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CNY Artists owner starts to build ‘eclectic’ gallery at ShoppingTown Mall

By Journal Staff


DeWITT  —  When Peter Svoboda opened an art gallery in ShoppingTown Mall, he only expected to be around for a few weeks.

“I went a month, and then I went another month,” says Svoboda, the director and owner of CNY Artists in the mall. “And then I made a commitment.”

Svoboda actually made his commitment in December, eight months after first opening the gallery in its 2,700-square-foot storefront. He now plans to keep CNY Artists open indefinitely.

The gallery is an extension of an online art community Svoboda founded in 2010. That community — known as CNY Artists, Crafters, and Creators — was made up of 98 people by the end of that year, and in April 2011 Svoboda set up a show of its artists’ work at the Fayetteville Free Library.

The show went well, leading Svoboda to look for a location where it could be extended. And he landed in leased space at ShoppingTown Mall.

“I realized I had a great audience going by my door,” Svoboda says. “It’s convenient for people. It’s easily accessible. And parking is easy.”

Svoboda wants to use the gallery to get new buyers interested in art. And he plans to talk inexperienced shoppers through the process of making a purchase.

He also aims to make the gallery a hub for local artists. At least 95 percent of its contents are from local artists, he estimates.

The gallery includes a variety of framed art such as paintings and drawings, and also jewelry, antiques, and collectibles. About 100 artists’ works are showing at any one time, Svoboda says. Pieces typically range from $200 to $800, although a few cost more.

“It’s very eclectic,” he says. “I let it grow organically.”

To have works considered for the gallery, an artist must join the CNY Artists, Crafters, and Creators online community for $35 per year — higher than the community’s non-gallery membership rate of $20 per year. If the gallery sells an artist’s work, that artist takes home 60 percent of the sales proceeds. The gallery collects the rest.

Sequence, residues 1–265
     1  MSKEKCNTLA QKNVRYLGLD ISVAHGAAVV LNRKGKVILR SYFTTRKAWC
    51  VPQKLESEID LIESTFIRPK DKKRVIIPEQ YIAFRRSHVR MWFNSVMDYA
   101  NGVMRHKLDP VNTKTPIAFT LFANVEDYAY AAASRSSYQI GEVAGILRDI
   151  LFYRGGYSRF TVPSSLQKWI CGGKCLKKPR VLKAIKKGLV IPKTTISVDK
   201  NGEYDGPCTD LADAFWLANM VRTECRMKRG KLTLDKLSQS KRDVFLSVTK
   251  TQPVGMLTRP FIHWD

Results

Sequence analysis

Svoboda is the gallery’s only employee, but artists volunteer their time to set up displays and keep the storefront running. About 30 volunteers regularly pitch in, Svoboda says.

The gallery can be more to artists than simply a place to sell paintings, according to Svoboda.

“This is kind of a gallery, but it’s also kind of an incubator,” he says. “People are really getting energized because, instead of sitting at home facing four walls, they get energy from being down here.”

Svoboda says he’s been an art collector for years, but he also has experience in the business field. He taught at Syracuse University’s Whitman School of Management from 1998 to 2008, and before that he was assistant director at the Small Business Development Center at Onondaga Community College.

Currently, he is trying to run CNY Artists based on a cooperative model, he says.

“I try to do sideways management,” he says. “We all listen to each other. I have to make the final decisions because I have to pay the rent.”

He wants to expand the gallery’s offerings in the future with themed shows and reach out to coordinate educational programs with area high schools and colleges. And he is considering branching out to sell gallery artwork online.

CNY Artists has already been commissioned to create several works, Svoboda says. Artists in the gallery have been working on about four different commissions at a time for the last month, he says. Commissions have ranged from portraits of individuals to a painting of a company’s headquarters.

Svoboda could not provide revenue totals, but estimates growth of 20 percent in 2012. 

“The only slightly hard part we face is to get more people to know about us,” he says.  

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